Closing the Nature Gap with Promise South Salt Lake

When Maisy Hayes contacted me early this year about doing some after-school programs, I don’t think either of us understood that we were about to create a whole new approach for HawkWatch International’s (HWI) outreach programs. Maisy is the program coordinator at Historic Scott School, one of 14 community centers in South Salt Lake dedicated to providing services to students and families outside of regular school hours. After just a few minutes of chatting, I knew Maisy and I were kindred spirits with a shared passion for bringing education opportunities into deserving communities.

Before I ever spoke with Maisy, I had been wondering how HWI could make our education programs more impactful. There is no doubt that an intimate, close-up encounter with one of our Raptor Ambassadors can be life-changing. I see it all the time in my work as Education and Outreach Director, but it’s hard to gauge the quality and retention rate of learning that occurs within a single visit. I was toying with the idea of finding a way to provide multiple visits to the same learners but didn’t have a concrete vision for how it would work. Then Maisy reached out. 

Together, Maisy and I dreamed of a new kind of education program for HWI. We wondered how students would respond to repeated visits with different birds and educators coming each time. With each visit, the students would be able to build on previous learning, leading to a more comprehensive understanding of raptors and how they fit into their ecosystems. Between visits, Maisy and her team would engage the students with additional learning activities that allow them to practice applying what they were learning. We decided to break the students up into two age groups for each visit so HWI educators could better tailor their presentations to the science concepts the kids were learning in school.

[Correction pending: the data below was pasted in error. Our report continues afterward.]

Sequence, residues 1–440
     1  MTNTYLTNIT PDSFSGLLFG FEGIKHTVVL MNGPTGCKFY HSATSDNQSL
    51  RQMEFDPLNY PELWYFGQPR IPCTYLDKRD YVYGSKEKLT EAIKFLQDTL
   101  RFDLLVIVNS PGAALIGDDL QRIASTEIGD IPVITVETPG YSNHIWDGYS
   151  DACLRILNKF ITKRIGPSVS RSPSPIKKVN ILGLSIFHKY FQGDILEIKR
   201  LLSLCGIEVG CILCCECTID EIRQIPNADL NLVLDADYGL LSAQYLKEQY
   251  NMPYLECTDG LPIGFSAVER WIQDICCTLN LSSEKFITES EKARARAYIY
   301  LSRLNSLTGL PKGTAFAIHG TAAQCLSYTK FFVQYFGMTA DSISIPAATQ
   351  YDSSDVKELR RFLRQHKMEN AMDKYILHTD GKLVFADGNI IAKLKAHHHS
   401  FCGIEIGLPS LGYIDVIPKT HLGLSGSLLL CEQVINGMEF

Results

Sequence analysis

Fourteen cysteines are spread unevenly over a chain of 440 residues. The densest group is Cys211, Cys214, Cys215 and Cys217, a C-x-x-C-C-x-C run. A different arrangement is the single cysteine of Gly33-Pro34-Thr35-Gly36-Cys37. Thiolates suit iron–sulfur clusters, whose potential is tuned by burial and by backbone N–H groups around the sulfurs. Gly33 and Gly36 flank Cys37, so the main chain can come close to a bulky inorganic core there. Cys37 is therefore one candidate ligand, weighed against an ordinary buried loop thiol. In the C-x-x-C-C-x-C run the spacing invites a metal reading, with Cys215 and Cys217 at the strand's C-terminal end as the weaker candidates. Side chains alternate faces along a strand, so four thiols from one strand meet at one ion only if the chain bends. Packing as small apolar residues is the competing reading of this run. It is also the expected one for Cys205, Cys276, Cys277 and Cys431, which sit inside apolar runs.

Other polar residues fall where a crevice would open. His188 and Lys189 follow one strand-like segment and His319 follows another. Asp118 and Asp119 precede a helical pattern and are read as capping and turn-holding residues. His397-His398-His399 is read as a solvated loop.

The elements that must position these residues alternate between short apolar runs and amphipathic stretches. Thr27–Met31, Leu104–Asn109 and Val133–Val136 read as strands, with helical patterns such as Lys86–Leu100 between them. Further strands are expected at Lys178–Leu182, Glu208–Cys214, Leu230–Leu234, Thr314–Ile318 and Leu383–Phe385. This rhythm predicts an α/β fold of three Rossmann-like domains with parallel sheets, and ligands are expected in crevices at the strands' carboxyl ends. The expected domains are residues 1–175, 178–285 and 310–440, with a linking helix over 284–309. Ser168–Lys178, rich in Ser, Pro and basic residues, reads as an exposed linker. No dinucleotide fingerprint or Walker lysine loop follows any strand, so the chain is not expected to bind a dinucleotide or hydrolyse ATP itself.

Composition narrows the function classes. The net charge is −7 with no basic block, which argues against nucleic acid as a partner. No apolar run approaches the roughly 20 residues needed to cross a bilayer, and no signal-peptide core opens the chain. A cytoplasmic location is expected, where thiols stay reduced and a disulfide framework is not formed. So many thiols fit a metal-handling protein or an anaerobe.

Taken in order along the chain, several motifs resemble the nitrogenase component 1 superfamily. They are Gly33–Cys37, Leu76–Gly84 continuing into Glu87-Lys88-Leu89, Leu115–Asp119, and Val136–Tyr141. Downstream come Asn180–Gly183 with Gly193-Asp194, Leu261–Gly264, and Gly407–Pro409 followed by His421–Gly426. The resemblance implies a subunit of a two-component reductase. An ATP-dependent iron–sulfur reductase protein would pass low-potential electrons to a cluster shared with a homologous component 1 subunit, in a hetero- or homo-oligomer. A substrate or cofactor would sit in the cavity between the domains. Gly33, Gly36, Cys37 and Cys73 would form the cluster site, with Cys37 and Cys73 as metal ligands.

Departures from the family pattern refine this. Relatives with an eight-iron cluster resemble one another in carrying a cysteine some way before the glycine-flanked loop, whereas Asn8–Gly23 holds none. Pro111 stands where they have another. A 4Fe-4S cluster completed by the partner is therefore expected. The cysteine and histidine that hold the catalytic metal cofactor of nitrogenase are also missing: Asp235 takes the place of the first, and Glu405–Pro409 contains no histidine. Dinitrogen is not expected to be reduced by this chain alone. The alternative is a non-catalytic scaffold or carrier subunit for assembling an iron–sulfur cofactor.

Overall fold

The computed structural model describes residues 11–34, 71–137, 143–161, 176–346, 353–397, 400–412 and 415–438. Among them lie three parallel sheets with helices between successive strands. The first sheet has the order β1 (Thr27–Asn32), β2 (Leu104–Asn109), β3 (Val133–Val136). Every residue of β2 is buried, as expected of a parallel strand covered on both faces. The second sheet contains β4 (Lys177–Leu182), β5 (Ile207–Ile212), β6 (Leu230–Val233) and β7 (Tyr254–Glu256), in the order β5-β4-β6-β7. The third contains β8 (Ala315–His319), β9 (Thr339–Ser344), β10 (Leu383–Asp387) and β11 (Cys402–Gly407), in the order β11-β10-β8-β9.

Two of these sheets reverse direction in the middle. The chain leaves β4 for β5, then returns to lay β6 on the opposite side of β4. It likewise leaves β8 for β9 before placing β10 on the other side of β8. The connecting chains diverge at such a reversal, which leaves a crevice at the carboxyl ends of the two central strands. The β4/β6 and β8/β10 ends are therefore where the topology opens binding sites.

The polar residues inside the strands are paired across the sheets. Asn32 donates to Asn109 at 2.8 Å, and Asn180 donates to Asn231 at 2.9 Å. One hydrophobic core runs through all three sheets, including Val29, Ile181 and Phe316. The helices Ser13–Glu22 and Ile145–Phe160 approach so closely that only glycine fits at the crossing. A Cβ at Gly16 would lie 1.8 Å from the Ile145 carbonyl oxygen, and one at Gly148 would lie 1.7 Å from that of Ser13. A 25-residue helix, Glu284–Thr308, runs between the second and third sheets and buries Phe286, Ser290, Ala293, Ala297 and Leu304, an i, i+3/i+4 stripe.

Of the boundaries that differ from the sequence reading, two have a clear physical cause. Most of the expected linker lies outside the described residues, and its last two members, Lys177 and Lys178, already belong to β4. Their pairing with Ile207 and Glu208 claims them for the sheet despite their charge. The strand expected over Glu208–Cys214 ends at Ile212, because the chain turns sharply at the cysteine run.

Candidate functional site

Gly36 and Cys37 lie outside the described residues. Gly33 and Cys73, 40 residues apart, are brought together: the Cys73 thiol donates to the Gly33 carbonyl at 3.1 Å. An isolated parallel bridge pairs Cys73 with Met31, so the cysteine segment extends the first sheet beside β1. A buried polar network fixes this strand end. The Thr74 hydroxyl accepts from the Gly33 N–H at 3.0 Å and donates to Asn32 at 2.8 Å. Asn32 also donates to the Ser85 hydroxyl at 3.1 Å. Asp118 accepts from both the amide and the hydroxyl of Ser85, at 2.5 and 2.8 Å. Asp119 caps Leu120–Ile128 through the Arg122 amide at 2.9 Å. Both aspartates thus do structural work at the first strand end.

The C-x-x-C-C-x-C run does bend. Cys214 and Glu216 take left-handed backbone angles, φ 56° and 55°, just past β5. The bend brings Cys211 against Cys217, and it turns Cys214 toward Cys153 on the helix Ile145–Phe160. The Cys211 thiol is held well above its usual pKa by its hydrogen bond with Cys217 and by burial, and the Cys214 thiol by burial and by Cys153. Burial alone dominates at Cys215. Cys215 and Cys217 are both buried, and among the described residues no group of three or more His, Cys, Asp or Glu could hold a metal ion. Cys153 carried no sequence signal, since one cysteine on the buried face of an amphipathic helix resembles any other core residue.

As Maisy and I riffed off of each other, we can up with the idea of a capstone experience for the series of visits that would involve inviting friends and family of the students to an open house where the kids could then become “experts” and share what they learned about each bird with their loved ones. We decided the week of Earth Day was a great time to hold our community open house and let the students shine.

Every educator that participated in the visits to the Promise South Salt Lake programs was charmed by the kids’ enthusiasm and engagement with the birds. We got to know the students by name, and they got to know the birds. It was a delight to see more and more artwork depicting HWI’s raptor ambassadors adorning the walls of the classroom with each visit. Students would ask about their favorite birds by name and excitedly share facts with each other. Educators were able to reference information covered in previous presentations and build an ever more complete picture of how raptors are similar and different from each other and how they fit into their ecosystems. Older students learned about threats to raptors and what they could do to help birds in their local neighborhoods.